Somatostatinomas in the duodenum do not cause somatostatinoma syndrome. Instead, the growing tumor causes symptoms. Often, the tumor spreads to the liver and nearby lymph nodes, which may result in a blockage in parts of the intestines or gallbladder tubes.
This obstruction could lead to symptoms such as:
- bloody diarrhea
- jaundice of the skin or whites of the eyes
- a painful and swollen belly
Somatostatinomas are the result of excess delta cells. However, the cause of this overgrowth remains unknown. It can occur in anyone, with or without a history of cancer in the family.
Research suggests that about 37% of somatostatinomas are hereditary. They may occur with other rare genetic syndromes, such as neurofibromatosis, multiple endocrine neoplasia type 1, and Von Hippel-Lindau syndrome.
There are several risk factors for somatostatinomas. These include:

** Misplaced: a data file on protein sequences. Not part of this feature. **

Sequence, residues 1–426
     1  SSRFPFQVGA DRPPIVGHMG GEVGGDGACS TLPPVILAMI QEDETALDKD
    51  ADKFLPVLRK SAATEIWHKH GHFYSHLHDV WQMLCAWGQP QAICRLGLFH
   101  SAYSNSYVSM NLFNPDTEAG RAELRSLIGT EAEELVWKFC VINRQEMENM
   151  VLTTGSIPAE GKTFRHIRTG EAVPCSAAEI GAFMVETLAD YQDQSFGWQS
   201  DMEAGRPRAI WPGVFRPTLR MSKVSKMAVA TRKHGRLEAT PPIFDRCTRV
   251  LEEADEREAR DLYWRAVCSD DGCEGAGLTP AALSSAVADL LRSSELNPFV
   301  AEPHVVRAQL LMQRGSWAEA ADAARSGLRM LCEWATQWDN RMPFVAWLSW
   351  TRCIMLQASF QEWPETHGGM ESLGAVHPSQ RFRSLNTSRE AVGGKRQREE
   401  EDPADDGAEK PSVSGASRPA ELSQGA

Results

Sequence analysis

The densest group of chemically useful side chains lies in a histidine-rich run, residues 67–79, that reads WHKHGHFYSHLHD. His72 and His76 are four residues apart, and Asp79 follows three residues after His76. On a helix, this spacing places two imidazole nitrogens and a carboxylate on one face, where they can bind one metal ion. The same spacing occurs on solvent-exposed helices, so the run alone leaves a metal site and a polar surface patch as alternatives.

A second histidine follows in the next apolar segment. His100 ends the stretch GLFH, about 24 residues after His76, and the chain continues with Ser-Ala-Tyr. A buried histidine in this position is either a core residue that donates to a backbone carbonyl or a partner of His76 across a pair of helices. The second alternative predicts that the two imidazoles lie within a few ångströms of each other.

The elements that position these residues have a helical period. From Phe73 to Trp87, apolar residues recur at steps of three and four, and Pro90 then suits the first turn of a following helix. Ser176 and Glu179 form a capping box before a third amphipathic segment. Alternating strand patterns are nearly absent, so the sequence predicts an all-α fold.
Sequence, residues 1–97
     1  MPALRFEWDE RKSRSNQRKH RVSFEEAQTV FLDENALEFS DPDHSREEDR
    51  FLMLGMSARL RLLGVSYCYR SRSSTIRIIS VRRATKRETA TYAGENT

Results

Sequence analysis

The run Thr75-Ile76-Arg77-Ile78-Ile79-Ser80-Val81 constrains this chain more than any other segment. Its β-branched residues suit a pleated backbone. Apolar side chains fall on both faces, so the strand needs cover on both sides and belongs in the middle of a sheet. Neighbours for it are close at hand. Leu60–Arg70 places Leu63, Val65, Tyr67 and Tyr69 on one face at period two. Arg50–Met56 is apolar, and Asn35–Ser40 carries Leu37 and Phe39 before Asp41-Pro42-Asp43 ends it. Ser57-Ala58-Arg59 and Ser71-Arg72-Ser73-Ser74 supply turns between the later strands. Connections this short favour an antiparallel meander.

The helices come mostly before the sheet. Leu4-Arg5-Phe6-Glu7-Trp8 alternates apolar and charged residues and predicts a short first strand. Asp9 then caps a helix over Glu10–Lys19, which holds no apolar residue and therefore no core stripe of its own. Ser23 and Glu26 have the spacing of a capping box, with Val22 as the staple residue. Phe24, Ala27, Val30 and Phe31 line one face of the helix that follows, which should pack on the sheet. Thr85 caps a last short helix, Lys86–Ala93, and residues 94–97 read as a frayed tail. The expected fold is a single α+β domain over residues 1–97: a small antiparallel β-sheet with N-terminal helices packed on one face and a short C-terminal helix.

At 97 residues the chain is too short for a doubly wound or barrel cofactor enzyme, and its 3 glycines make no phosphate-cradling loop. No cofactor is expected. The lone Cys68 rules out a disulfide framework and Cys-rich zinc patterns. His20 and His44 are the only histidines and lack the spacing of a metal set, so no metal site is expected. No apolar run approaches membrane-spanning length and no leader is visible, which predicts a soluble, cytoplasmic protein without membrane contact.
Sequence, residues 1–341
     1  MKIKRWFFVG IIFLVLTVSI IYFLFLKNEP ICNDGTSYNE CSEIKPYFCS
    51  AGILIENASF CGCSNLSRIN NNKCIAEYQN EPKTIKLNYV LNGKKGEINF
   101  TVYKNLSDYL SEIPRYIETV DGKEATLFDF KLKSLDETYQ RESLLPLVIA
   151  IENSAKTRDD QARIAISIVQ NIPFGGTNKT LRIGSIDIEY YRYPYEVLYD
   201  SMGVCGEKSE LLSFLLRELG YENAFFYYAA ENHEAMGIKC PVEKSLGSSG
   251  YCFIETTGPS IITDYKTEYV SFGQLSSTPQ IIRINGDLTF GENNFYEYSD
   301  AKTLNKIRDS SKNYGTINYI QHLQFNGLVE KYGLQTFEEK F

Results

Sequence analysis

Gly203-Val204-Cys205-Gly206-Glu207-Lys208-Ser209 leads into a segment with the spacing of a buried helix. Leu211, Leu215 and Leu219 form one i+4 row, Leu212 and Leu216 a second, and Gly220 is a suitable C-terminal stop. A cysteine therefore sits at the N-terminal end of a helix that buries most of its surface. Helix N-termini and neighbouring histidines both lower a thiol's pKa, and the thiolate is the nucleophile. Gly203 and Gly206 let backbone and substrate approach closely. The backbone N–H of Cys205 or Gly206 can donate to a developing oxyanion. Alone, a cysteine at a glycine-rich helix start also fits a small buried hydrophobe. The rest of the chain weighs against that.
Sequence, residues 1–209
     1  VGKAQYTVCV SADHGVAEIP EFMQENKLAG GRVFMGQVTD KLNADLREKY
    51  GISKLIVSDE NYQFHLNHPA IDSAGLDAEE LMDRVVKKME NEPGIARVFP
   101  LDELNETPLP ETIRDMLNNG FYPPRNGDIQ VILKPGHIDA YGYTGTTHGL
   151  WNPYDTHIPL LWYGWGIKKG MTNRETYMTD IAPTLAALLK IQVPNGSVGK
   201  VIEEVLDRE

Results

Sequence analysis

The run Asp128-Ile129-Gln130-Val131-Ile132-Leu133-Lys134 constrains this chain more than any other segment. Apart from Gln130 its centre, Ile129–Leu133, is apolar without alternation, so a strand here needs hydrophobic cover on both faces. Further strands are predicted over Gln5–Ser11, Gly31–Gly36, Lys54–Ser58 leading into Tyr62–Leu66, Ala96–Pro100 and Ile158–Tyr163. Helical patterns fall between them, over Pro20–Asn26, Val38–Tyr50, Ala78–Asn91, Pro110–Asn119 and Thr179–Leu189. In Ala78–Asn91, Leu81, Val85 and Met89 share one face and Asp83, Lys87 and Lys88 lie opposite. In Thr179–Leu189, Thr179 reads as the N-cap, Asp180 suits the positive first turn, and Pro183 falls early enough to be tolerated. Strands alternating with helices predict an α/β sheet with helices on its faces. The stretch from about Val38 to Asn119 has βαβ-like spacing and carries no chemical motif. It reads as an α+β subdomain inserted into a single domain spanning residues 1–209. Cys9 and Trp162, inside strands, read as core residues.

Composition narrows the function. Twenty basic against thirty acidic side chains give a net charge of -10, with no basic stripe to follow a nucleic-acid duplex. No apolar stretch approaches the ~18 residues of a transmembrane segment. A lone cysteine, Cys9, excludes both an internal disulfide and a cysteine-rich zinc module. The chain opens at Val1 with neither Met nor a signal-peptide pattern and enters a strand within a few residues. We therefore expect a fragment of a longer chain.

- Genetics: A gene mutation or abnormality can pass down from a parent to a child.
- Age: Most somatostatinomas are slow growing and occur in individuals over the age of 50 years.
- Smoking: Any history of smoking can increase a person’s chance of developing a neuroendocrine tumor of the pancreas.
- Alcohol: Heavy drinking may increase the risk of somatostatinoma growth.
- Pancreatitis: Experts have associated chronic inflammation of the pancreas with an increased risk of somatostatinomas.
- Diabetes: Somatostatinomas are more common in people who have type 2 diabetes.
The vague nature of somatostatinoma symptoms makes these tumors difficult to diagnose, often delaying diagnosis for many months to several years. Doctors usually find somatostatinomas during diagnostic workups for unexplained abdominal pain, weight loss, blood loss, or diarrhea.
A somatostatinomas diagnosis may also occur after a pancreatic cancer surgery biopsy.
Diagnostic tests for somatostatinomas include:
How they differ from VIPomas
VIPomas are another rare type of pancreatic cancer. They usually develop in the pancreas but may also be in the duodenum. People with VIPomas have an oversecretion of vasoactive intestinal peptide (VIP).